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On resurrection, solidarity and fiestas

 Sally Harper, CSJ

A young indigenous woman in traditional Peruvian dress spins while dancing in front of a crowd celebrating in the streets
Dancers in the streets of Cuzco, Peru, wear beautifully colored traditional costumes during an Easter Parade in 2019. Photo by Angela Meier.

When I lived in Peru, one of the things that I most admired about the Peruvian people are their gifts of compassion and solidarity. I found this to be especially true among people who have limited material resources. When another person or a family is suffering, they suffer. Oftentimes that is because they have experienced a similar difficulty or threat or loss in their own lives, so they understand what is happening to others. And, in their compassion, they reach out to accompany the person or family in their sorrow or concern.

But it does not stop there. Their compassion moves them to the practice of solidarity that plays out in two ways: one is to look for a way out of the suffering, a possible solution, and the second is to look to others to join in helping to relieve the suffering. They might have few resources, but when those resources are combined, there is often a way out. And when they work together, they come up with some ingenious solutions to the problem or challenge facing them.

Then when the group achieves a solution to the problem or challenge, they know how to celebrate! The fiesta is a wonderful way to rejoice in a happy ending.

When we contemplate the passion, death and resurrection of Jesus, we can see that same thing happening. The triduum begins with a celebration—the paschal meal that celebrates the liberation of the chosen people from slavery in Egypt. Jesus transforms that meal into the celebration of a new freedom—offering a table where there is room for everyone, transforming the washing of feet and the simple gifts of bread and wine into sacraments of God’s presence among us.

But very quickly we move into suffering—the agony that Jesus experiences in the garden and the inability of his companions to accompany him, the arrest at the hands of his friend turned traitor, the mockery of a rigged trial and false accusations, the inhumane treatment by the soldiers, the mocking of Pilate and his condemning Jesus to death despite knowing that Jesus is innocent, stumbling under the weight of the cross and then being lifted up on it and experiencing all the pain and suffering, both physical and spiritual.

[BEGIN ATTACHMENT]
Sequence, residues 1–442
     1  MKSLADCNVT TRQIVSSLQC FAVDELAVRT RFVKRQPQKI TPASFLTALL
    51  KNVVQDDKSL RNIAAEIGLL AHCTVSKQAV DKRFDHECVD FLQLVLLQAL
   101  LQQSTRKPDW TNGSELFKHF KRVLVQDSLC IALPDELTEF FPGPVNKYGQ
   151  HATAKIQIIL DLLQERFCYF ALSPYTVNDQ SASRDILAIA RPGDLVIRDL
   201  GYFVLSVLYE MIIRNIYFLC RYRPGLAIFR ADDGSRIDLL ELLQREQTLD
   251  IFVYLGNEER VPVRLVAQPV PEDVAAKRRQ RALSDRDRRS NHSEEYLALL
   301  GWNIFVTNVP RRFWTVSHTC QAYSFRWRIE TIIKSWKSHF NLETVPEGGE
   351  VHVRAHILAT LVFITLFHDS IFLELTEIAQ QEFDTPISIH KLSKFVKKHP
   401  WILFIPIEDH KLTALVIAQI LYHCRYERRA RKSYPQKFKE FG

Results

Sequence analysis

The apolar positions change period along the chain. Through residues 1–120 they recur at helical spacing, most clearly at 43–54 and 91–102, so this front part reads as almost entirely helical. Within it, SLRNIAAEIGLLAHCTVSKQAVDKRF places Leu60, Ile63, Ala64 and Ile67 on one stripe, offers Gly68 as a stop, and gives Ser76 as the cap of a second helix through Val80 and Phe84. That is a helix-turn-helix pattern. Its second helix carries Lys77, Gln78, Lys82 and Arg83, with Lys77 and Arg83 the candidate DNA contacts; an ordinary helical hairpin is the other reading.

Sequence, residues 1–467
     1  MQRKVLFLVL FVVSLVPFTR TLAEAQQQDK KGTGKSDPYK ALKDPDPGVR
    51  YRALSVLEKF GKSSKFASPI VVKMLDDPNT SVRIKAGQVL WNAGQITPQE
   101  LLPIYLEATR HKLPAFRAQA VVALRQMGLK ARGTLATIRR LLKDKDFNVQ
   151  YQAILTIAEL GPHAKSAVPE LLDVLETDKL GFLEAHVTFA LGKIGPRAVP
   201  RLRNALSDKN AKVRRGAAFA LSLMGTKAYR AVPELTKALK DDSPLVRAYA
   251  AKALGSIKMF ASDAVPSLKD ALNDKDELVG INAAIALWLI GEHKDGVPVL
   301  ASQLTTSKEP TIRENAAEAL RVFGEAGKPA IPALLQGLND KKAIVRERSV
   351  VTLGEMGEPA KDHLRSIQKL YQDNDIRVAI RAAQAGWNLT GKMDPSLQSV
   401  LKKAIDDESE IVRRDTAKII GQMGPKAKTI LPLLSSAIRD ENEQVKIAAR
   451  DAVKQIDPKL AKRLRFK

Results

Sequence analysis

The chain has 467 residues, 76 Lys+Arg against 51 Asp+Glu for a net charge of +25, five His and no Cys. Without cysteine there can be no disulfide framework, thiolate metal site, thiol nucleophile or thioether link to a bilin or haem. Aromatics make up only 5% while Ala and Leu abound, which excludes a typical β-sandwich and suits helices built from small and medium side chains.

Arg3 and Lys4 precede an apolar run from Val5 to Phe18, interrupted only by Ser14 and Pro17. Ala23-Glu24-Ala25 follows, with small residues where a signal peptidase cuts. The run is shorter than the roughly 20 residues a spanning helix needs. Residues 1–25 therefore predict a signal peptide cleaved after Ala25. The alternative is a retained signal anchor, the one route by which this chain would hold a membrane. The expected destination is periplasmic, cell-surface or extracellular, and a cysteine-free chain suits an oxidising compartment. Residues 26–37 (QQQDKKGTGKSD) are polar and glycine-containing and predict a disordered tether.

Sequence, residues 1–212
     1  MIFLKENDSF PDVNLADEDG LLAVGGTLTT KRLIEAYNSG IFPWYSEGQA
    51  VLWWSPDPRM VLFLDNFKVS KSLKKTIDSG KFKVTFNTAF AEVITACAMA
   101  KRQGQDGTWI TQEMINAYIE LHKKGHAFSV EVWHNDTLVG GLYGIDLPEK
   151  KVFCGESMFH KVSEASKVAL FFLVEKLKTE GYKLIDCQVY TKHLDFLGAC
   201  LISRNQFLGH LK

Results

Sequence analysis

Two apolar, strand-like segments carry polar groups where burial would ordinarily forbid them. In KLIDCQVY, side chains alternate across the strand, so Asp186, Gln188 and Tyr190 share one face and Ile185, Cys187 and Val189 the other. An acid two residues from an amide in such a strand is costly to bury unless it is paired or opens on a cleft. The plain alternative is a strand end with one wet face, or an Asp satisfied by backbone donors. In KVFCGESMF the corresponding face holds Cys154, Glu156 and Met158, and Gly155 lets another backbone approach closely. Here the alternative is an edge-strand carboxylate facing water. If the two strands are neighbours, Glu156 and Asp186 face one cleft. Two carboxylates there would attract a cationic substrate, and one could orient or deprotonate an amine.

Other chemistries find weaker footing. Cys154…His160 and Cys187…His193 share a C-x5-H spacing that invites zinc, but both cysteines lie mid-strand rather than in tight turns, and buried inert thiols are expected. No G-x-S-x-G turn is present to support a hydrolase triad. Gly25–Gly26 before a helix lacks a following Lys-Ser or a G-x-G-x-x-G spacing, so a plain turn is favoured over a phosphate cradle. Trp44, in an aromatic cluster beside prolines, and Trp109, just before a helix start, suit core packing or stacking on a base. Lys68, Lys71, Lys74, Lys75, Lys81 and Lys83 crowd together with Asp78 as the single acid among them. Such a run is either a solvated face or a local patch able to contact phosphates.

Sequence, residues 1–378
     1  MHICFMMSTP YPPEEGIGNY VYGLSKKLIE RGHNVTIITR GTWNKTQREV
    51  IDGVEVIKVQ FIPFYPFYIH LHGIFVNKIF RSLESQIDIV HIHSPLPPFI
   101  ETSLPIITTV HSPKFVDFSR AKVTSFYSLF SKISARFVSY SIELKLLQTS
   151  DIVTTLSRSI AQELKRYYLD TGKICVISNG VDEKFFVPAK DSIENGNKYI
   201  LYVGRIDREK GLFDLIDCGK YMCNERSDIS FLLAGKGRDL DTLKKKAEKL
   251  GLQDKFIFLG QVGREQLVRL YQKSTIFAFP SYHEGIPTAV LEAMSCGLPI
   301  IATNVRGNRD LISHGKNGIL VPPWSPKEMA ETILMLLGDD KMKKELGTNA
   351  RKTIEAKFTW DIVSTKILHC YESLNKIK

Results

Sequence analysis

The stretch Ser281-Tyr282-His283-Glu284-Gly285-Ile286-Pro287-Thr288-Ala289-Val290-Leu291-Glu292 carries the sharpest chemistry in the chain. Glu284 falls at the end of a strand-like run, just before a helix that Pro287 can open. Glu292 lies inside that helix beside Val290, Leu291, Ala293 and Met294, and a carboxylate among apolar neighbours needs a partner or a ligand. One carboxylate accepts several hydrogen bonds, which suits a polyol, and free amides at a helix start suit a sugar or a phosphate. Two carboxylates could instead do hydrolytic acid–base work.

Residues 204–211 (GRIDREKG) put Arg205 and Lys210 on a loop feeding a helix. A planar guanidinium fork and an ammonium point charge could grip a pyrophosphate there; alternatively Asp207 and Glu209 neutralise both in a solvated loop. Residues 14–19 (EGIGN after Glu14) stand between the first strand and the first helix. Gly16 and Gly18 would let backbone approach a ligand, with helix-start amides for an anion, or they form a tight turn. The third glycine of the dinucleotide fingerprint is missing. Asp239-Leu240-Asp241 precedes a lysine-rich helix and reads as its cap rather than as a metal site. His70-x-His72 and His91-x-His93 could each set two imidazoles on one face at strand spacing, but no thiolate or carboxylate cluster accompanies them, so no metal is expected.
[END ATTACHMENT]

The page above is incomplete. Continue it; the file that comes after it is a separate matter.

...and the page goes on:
But in the midst of all the horror of “Good” Friday, we see the gestures of simple people reaching out to Jesus in compassion and solidarity: the women of Jerusalem weeping for him, Veronica wiping his face, the women at the foot of the cross accompanying Mary in her sorrow and Jesus in his suffering, Dismas who defends Jesus, the Roman soldier who offers him something to quench his thirst and finally, Joseph of Arimathea and Nicodemus lowering Jesus from the cross and laying him in a borrowed tomb. Compassion and solidarity.

And then comes the fiesta! The women go to the tomb early Sunday morning, ready to give Jesus the last rites of burial, and they find not death, but life, and it is life to the full! It is the life of Jesus within us that helps us to see with his eyes of compassion, to join hands with one another in solidarity, to celebrate the gifts of life, of hope, of joy that are the gifts of the resurrection. Alleluia!!

Category: Reflections, Stories

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The Sisters of St. Joseph of Carondelet are a congregation of Catholic sisters. We, and those who share our charism and mission, are motivated in all things by our profound love of God and our dear neighbors. We seek to build communities and bridge divides between people. Since our first sisters gathered in 1650, our members have been called to “do all things of which women are capable.” The first sisters of our congregation arrived in St. Louis, Missouri in 1836, and we now have additional locations in St. Paul, Albany, Los Angeles, Hawaii, Japan and Peru. Today, we commit to respond boldly to injustice and dare to be prophetic.


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